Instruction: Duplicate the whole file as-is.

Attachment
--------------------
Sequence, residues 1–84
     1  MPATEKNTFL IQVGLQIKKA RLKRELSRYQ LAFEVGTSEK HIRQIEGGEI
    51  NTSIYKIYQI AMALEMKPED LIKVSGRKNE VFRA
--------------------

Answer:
Sequence, residues 1–84
     1  MPATEKNTFL IQVGLQIKKA RLKRELSRYQ LAFEVGTSEK HIRQIEGGEI
    51  NTSIYKIYQI AMALEMKPED LIKVSGRKNE VFRA